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The Oregon Chapter works to improve the quality of life for people affected by MS in Oregon and Southwestern Washington and raise funds for critical MS research. Join the movement toward a world free of MS.


New Support Group Off to a Great Start at the Providence MS Center

October 9, 2014

People had been saying for a while that they wanted a support group, and that’s exactly what they got on September 20 from the Providence Multiple Sclerosis Center. The meeting was facilitated by David Schmitt, MSW, LCSW, who was very pleased by both the turnout and the enthusiasm of the participants. 

This support group will be an open forum for people to get together and talk about the challenges of life with MS. Since those challenges are shared by people with MS as well as their family and friends, etc., the meetings are open to everyone with any connection to this disease. 

Much of the first meeting was spent with people introducing themselves and talking generally about how their lives have been impacted by MS. Suggestions for future topics included: 

• Well-being/Self care 
• Quality of life issues/how to have joy and happiness in your life 
• How to ask for help of others 
• Mood and Emotions (anxiety, depression etc.) 

Next Meeting
Saturday, October 18. (Future meetings will be held on the third Saturday of every month at 10 a.m).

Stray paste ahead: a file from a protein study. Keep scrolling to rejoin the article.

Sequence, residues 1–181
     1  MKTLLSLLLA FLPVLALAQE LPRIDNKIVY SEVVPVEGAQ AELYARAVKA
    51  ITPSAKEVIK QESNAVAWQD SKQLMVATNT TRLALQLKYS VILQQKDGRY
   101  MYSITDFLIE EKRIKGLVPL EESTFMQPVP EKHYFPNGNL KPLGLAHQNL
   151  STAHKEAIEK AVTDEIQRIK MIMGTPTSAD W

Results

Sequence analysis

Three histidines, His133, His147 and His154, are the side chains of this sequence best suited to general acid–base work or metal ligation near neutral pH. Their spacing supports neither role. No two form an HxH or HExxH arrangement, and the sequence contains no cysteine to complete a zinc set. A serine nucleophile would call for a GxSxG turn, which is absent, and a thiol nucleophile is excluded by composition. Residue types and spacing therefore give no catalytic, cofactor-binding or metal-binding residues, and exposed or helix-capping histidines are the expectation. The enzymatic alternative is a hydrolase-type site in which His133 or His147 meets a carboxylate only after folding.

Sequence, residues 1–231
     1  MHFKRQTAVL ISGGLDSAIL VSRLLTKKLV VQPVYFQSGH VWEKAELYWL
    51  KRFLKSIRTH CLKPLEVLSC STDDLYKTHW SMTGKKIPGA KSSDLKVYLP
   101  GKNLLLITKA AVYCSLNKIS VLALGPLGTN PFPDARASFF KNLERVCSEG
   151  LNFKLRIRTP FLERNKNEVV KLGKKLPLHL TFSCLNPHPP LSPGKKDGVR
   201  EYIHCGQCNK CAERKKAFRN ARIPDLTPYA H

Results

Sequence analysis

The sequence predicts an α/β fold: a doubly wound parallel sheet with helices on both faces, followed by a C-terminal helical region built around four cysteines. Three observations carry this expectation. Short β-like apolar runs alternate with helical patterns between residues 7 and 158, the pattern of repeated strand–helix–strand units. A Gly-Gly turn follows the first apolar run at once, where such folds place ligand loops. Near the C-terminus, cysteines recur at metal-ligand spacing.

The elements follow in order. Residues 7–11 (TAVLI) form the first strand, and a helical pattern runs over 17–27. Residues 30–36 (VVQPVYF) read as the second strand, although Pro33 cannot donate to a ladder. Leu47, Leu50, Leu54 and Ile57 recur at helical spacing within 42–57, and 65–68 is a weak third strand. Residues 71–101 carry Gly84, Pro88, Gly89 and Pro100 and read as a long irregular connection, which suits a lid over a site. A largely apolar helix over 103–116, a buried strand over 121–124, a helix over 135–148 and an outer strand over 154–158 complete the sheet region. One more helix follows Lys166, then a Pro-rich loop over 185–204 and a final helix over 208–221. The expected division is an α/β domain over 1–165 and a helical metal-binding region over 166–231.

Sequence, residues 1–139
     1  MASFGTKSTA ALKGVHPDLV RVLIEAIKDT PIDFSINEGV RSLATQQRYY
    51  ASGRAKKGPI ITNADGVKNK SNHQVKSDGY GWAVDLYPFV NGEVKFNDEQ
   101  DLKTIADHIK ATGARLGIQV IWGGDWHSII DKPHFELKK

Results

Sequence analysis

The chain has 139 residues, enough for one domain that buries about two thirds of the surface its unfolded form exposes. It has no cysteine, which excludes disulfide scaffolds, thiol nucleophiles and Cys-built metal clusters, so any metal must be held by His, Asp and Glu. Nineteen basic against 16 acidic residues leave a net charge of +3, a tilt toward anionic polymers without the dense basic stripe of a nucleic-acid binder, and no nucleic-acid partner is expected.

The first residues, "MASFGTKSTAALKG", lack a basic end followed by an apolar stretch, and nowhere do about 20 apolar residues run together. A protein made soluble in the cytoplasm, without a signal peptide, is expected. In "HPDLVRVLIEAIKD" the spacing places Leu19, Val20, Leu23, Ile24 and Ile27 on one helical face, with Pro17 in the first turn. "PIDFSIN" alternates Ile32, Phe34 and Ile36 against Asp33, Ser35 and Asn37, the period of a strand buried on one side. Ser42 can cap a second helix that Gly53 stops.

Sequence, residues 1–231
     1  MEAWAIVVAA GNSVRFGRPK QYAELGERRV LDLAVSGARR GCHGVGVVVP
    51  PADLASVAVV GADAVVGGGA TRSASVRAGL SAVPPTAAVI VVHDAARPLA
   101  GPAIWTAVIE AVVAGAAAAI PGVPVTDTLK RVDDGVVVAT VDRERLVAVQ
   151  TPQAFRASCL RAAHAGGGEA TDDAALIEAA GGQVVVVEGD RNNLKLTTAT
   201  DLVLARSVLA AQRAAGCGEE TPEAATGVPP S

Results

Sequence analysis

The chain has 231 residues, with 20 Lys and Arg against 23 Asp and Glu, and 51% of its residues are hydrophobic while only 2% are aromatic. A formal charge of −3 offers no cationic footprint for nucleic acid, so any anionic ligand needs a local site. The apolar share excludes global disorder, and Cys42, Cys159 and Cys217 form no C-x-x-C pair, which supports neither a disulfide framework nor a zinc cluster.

Providence Brain and Spine Conference room
Providence St Vincent Medical Center
East Pavilion
Suite 363
9135 SW Barnes Road
Portland, OR 97225
For more information, contact David Schmitt at 

About Multiple Sclerosis

Multiple sclerosis is an unpredictable, often disabling disease of the central nervous system that disrupts the flow of information within the brain, and between the brain and body. Symptoms range from numbness and tingling to blindness and paralysis. The progress, severity and specific symptoms of MS in any one person cannot yet be predicted, but advances in research and treatment are leading to better understanding and moving us closer to a world free of MS. Most people with MS are diagnosed between the ages of 20 and 50, with at least two to three times more women than men being diagnosed with the disease. MS affects more than 2.3 million people worldwide.


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